Summary:

We’ve recently seen an influx of fundings and acquisitions in the online-payment space — particularly related to social gaming — and with…

PlaySpan Ultimate Game Card

We’ve recently seen an influx of fundings and acquisitions in the online-payment space — particularly related to social gaming — and with good reason. As more people get comfortable with the idea of paying for virtual goods or other merchandise on their social networks, there’s a definite opportunity for a third-party to start making money off those millions of micro-transactions by becoming the “go-to” payment platform.

The latest startup trying to get a piece of the action is PlaySpan, which acquired micro-payment provider Spare Change in April. Now PlaySpan has launched the Spare Change Ultimate Payment Wall, which lets game and app developers integrate support for over 50 payment options — including pre-paid game cards that get sold in grocery stores — into their content. The game-card support is a key differentiator, since it means that developers can target younger users without them needing to ask for their parents’ credit cards.

Still, the competition is already fierce. PayPal, for example, is trying to extend its dominance to the social networking/apps space with PayPal X, a new platform that third-party developers will be able to plug right into their apps. Smaller firms like Super Rewards and PlaySpan may have head starts, but PayPal has over a decade of trust established with millions of users, which will be hard for less-known brands to overcome if PayPal X gains traction.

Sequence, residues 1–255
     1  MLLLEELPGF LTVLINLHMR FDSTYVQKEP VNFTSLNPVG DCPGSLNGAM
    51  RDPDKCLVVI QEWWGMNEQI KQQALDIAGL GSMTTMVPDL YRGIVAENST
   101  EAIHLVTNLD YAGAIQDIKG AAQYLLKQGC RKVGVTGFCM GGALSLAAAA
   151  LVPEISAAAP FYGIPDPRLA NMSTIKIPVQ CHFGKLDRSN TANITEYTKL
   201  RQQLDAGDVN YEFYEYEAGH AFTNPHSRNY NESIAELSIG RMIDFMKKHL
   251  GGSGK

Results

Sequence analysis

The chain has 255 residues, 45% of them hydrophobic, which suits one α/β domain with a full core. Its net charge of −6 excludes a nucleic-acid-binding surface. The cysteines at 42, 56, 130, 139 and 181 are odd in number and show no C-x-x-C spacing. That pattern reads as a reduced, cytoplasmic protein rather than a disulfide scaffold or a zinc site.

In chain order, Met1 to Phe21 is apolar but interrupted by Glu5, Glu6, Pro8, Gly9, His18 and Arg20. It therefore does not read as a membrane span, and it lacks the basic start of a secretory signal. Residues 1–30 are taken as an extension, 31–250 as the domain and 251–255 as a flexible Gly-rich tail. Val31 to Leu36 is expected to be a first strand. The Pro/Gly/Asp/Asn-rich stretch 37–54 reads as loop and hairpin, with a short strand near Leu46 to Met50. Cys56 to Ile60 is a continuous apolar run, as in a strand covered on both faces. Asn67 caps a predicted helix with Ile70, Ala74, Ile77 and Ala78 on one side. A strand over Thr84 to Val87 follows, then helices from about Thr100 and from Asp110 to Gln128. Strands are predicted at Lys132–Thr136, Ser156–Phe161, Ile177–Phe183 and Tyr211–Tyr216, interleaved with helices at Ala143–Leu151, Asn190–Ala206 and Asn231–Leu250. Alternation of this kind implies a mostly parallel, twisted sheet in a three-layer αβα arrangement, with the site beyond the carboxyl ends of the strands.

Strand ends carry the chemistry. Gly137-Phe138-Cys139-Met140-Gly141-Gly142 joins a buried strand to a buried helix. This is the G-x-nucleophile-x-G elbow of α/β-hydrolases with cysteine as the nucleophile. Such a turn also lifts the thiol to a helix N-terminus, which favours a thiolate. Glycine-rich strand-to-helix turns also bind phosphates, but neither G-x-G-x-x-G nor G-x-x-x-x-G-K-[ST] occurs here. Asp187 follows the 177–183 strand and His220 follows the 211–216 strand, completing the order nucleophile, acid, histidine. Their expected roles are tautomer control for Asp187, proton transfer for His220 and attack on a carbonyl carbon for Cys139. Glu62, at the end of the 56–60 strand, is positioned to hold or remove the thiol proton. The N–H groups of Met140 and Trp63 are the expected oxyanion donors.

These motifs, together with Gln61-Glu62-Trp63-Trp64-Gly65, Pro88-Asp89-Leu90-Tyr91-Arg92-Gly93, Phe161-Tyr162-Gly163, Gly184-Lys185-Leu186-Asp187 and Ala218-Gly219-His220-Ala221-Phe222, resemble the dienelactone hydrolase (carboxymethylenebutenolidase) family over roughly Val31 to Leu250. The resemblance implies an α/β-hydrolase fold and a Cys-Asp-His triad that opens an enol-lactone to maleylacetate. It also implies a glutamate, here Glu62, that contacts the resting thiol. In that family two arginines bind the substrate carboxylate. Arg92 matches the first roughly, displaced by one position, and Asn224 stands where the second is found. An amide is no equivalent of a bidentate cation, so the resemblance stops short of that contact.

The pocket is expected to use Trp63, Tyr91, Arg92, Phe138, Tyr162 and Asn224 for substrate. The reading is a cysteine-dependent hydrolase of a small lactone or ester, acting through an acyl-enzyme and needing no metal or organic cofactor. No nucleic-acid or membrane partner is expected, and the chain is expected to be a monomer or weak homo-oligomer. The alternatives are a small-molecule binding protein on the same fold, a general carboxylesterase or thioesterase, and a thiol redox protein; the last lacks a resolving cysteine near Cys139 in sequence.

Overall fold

Then there’s Facebook itself, which has been testing an in-house virtual currency that would work across the many apps and games that are profiting from is massive user base. VentureBeat suggests that Facebook app developers could clear over $500 million in revenue this year from a combination of user transactions and ads; Facebook investor Marc Andreessen predicted that the network would bring in roughly the same amount (or a little more) on its own — but if it “pushed the throttle forward” on monetization, it could bring in over $1 billion.

Working out some way to charge developers that are making money from user transactions (either by a straight rev-share or a monthly “platform fee”) could definitely be one way for Facebook to improve monetization.

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